New EU law clamps down on electronic waste

Retailers will be required to take back old electronic equipment

On Monday a European Union law that will require all large electronic retailers to take back old equipment came into force.

The new rules are part of a shake-up of the Waste Electrical and Electronic Equipment Directive and will gradually be implemented across the E.U. over the next seven years.

Waste electrical and electronic equipment, or WEEE, is one the fastest growing waste streams in the E.U., but currently only one-third of electrical and electronic waste is separately collected and appropriately treated. Systematic collection and proper treatment is essential for recycling materials like gold, silver, copper and rare metals in used TVs, laptops and mobile phones.

The revised directive will increase the collection target from its current 4 kilograms per capita to around 20 kg per capita by 2020. By 2020, it is estimated that the volume of WEEE will increase to 12 million tons and the E.U. authorities want to see at least 85 percent of that collected and treated. From 2018, the directive will be extended from its current restricted scope to all categories of electronic waste.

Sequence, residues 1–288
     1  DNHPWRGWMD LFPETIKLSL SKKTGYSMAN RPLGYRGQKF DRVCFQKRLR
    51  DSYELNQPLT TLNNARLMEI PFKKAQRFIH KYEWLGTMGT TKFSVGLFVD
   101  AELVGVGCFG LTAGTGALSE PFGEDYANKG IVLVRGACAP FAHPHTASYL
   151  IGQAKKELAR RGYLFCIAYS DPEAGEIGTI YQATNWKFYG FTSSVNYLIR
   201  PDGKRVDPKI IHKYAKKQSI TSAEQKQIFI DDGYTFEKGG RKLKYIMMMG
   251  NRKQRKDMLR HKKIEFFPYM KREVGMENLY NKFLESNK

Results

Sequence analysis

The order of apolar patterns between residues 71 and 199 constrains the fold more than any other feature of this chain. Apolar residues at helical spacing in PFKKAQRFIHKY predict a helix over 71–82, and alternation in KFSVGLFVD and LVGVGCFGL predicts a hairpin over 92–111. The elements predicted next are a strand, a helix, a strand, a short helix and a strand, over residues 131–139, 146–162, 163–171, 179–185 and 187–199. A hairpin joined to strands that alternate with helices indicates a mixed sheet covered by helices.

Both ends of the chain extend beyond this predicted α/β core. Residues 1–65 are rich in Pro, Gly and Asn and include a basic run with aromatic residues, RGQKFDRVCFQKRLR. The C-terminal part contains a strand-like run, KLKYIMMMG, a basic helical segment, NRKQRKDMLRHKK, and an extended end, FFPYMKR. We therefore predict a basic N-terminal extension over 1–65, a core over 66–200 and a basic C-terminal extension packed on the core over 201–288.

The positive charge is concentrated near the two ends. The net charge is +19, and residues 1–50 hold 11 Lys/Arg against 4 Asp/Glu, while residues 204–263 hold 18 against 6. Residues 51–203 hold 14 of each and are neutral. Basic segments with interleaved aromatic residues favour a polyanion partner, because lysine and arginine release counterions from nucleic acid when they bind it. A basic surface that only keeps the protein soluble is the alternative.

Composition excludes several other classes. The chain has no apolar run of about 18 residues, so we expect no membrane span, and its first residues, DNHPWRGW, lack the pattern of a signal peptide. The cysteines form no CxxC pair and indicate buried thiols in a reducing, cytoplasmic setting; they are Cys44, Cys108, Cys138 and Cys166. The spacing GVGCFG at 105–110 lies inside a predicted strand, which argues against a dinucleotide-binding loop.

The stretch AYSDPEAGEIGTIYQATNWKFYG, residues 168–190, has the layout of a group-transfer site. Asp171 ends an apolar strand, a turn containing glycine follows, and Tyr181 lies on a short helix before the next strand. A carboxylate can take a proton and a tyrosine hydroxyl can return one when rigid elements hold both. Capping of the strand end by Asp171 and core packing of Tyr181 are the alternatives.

Meanwhile the retailer take-back plan means that by February 2014 at the latest, larger electrical goods stores, with a shop space of 400 square meters or larger, will have to accept small WEEE items, such as mobile phones, free of charge, without consumers having to purchase a new product.

The revised directive also includes a clampdown on illegal exports of waste electronic equipment. Equipment that is no longer under warranty can only be exported to non-OECD countries if it has been certified to be fully functional and sent properly.

Follow Jennifer on Twitter at @BrusselsGeek or email tips and comments to jennifer_baker@idg.com.

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Jennifer Baker

IDG News Service
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